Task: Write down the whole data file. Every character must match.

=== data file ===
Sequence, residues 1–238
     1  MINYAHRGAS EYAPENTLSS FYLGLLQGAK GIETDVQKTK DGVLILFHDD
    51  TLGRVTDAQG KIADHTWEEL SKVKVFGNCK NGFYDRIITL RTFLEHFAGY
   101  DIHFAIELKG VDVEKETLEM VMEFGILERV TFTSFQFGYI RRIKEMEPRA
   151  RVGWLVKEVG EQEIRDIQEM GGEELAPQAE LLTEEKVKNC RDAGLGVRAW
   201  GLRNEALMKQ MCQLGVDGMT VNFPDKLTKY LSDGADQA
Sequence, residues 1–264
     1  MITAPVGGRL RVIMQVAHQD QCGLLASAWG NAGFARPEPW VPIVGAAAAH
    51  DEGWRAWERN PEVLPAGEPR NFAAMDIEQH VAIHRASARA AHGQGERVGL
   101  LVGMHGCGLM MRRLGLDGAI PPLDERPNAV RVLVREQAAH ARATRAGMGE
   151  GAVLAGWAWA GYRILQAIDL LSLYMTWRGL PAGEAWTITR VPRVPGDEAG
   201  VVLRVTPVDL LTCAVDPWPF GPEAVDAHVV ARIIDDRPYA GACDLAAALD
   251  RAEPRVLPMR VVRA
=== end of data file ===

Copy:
Sequence, residues 1–238
     1  MINYAHRGAS EYAPENTLSS FYLGLLQGAK GIETDVQKTK DGVLILFHDD
    51  TLGRVTDAQG KIADHTWEEL SKVKVFGNCK NGFYDRIITL RTFLEHFAGY
   101  DIHFAIELKG VDVEKETLEM VMEFGILERV TFTSFQFGYI RRIKEMEPRA
   151  RVGWLVKEVG EQEIRDIQEM GGEELAPQAE LLTEEKVKNC RDAGLGVRAW
   201  GLRNEALMKQ MCQLGVDGMT VNFPDKLTKY LSDGADQA
Sequence, residues 1–264
     1  MITAPVGGRL RVIMQVAHQD QCGLLASAWG NAGFARPEPW VPIVGAAAAH
    51  DEGWRAWERN PEVLPAGEPR NFAAMDIEQH VAIHRASARA AHGQGERVGL
   101  LVGMHGCGLM MRRLGLDGAI PPLDERPNAV RVLVREQAAH ARATRAGMGE
   151  GAVLAGWAWA GYRILQAIDL LSLYMTWRGL PAGEAWTITR VPRVPGDEAG
   201  VVLRVTPVDL LTCAVDPWPF GPEAVDAHVV ARIIDDRPYA GACDLAAALD
   251  RAEPRVLPMR VVRA